Regardless of this ever having been the case, this time it was not only Germany and France that agreed with the proposed budget by the Commission. In fact, according to the statistics, the “frugal 4” along with Finland only amount to 9% of the population of the EU, 21.6% of the territory and 16% of the total GDP. So, by any account, less than one fifth of the Union can, under the current system, veto anything the other four fifths agree on. This is undemocratic; and it is a flawed decision-making process anchored in a past of distrust and suspiciousness.

Is the European Parliament open?

Building on the shortcomings of the European system, we should also be asking ourselves: Where was the European Parliament this last weekend? We should keep in mind that the European Parliament is the only institution within the framework of the European Union that is directly elected by its citizens. However, in such an important matter as determining the EU budget for the next 7 years, neither the President of the Parliament nor the MEPs had a say in the matter.

Some will say that the European Parliament does have a role; that of voting the agreed upon budget. And yes, this is true, but it is nothing else than a symbolic role as the “main players” have already decided and unless a general spirit of defiance and revolt suddenly overcomes the chamber, the MEPs will not go against their own governments and risk another endless summit - which could have the same result, or worse.

Therefore, to create a truly democratic and just Union, the European Parliament must have a say in fundamental policy from the get-go, it must be able to speak and determine if it wants to invest more in health and research, if it wants grants or loans and if an “emergency brake” system is the best governance option. The European Council represents the states and the European Parliament represents the citizens, a compromise between these two spheres must take place, favouring democracy and legitimacy over mistrust and veto-powers. A historical agreement, nevertheless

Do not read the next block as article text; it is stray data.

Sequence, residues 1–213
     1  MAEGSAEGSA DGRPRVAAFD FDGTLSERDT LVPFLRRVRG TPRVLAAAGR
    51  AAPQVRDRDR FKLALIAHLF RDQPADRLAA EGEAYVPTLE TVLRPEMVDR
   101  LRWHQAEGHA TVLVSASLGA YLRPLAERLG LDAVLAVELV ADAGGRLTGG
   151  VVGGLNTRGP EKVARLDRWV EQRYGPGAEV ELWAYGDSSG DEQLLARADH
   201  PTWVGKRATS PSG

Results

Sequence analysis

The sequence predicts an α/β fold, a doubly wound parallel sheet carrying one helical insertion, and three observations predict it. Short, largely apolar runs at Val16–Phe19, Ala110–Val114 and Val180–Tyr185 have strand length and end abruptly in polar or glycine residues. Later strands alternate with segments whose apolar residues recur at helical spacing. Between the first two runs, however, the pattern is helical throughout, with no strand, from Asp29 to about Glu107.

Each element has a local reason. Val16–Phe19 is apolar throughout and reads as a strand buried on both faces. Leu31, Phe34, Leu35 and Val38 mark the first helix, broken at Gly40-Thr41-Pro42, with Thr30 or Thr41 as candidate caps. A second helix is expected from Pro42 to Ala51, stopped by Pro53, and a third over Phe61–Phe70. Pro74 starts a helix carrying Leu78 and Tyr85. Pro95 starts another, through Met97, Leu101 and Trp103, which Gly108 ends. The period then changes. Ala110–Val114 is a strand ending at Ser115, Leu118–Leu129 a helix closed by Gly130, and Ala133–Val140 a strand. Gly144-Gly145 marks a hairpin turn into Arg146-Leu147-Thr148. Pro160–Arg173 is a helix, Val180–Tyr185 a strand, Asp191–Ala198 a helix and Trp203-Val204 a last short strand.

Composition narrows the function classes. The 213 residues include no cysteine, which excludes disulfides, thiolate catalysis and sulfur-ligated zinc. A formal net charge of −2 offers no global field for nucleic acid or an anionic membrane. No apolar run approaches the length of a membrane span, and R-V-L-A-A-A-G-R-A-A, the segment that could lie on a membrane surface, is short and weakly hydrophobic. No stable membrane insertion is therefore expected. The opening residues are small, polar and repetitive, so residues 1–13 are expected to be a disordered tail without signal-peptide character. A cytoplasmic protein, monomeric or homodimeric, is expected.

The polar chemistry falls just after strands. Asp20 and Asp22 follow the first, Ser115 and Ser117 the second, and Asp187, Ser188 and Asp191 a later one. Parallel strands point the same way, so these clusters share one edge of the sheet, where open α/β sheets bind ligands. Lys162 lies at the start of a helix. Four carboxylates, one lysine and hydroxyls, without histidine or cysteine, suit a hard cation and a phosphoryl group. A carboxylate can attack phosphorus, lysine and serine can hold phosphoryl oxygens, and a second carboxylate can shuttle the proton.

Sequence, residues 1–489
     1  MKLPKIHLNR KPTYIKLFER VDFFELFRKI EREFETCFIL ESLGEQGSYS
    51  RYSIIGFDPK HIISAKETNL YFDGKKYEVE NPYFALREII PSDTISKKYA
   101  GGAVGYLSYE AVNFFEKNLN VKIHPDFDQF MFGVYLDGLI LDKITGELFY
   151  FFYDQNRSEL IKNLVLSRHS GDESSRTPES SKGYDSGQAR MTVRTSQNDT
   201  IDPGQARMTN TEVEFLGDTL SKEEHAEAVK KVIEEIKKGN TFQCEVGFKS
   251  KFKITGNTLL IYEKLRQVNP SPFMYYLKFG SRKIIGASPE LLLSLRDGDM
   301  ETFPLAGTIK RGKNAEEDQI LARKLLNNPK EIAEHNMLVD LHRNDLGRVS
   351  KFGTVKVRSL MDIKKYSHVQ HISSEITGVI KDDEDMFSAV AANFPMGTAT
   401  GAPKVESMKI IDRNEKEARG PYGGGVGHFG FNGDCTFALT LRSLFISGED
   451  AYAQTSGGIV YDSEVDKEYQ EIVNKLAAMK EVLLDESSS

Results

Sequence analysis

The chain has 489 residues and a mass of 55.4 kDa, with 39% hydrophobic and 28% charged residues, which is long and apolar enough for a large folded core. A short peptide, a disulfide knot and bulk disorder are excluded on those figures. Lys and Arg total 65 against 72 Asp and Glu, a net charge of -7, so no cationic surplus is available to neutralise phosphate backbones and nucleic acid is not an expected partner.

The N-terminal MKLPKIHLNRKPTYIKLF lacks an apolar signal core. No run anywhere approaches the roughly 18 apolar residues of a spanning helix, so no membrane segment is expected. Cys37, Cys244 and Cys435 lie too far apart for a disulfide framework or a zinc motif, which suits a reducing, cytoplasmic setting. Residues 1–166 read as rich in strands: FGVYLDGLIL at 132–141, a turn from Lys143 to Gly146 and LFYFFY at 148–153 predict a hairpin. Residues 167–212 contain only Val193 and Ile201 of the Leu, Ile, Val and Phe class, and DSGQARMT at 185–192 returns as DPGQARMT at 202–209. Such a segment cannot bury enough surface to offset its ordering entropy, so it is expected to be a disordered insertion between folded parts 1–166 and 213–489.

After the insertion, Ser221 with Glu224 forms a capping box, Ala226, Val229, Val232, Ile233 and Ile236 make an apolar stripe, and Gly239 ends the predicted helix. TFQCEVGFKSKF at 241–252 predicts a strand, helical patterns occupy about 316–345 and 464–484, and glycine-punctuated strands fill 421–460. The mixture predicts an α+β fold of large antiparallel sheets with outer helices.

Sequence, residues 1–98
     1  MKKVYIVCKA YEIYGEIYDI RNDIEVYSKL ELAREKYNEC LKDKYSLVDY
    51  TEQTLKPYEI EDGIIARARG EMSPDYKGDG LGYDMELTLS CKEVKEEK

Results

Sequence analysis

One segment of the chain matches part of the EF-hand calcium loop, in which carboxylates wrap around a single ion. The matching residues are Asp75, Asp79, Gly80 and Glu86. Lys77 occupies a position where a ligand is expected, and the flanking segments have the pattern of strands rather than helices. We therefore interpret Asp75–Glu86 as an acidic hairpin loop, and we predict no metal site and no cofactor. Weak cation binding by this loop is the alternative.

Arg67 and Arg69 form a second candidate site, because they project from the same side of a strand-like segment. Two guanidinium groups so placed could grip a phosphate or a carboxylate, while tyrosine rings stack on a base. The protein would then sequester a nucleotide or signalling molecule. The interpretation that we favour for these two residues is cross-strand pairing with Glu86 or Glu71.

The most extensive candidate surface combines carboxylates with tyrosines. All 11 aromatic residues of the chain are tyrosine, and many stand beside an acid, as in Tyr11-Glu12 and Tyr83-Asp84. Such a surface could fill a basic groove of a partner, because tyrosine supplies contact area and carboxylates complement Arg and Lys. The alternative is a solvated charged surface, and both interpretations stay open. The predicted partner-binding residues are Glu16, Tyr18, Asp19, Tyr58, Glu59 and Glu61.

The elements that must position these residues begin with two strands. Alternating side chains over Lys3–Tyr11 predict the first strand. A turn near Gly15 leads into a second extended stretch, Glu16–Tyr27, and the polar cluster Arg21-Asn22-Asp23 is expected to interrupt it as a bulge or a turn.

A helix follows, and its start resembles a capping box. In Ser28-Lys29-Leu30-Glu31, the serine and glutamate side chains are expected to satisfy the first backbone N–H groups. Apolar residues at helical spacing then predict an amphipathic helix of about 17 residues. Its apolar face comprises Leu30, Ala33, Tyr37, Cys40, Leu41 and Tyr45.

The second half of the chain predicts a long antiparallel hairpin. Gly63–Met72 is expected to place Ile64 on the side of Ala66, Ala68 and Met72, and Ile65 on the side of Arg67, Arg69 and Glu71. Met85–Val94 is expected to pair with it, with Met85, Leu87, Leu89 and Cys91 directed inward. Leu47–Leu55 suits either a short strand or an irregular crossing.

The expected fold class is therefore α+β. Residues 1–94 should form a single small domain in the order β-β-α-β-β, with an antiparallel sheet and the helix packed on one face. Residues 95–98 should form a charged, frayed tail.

Having said all this, yes, the #NextGenerationEU budget is a historical agreement. For the first time in the history of the European Union there will be a joint recovery fund that will be directly managed by the EU. On top of this, the fact that it is worth €750 billion -regardless of the distribution between grants and loans- is an enormous step towards further integration. It will also be the first time that the EU will buy debt jointly - the famous Eurobonds that seemed so far away just a few months ago.

Moreover, this agreement has exemplified a strategic change from the situation that developed in the aftermath of the economic crisis of 2008. This time not only 22 member states were on the same page, but among them the 5 major economies of the Union - Germany, France, Italy, Spain, and Poland. This is unprecedented, as the UK, who until Brexit was the second economy of the EU, usually had a confrontational position against federalist wishes.

So, even though the EUCO summit was not without its ugliness, this could be the time to move towards a federal system. If the united front that most states presented at the summit stays united, there is no excuse not to remove unanimity and favour the citizens’ wishes. This seems to be a shared opinion in the European Parliament, so maybe national leaders should start listening closely.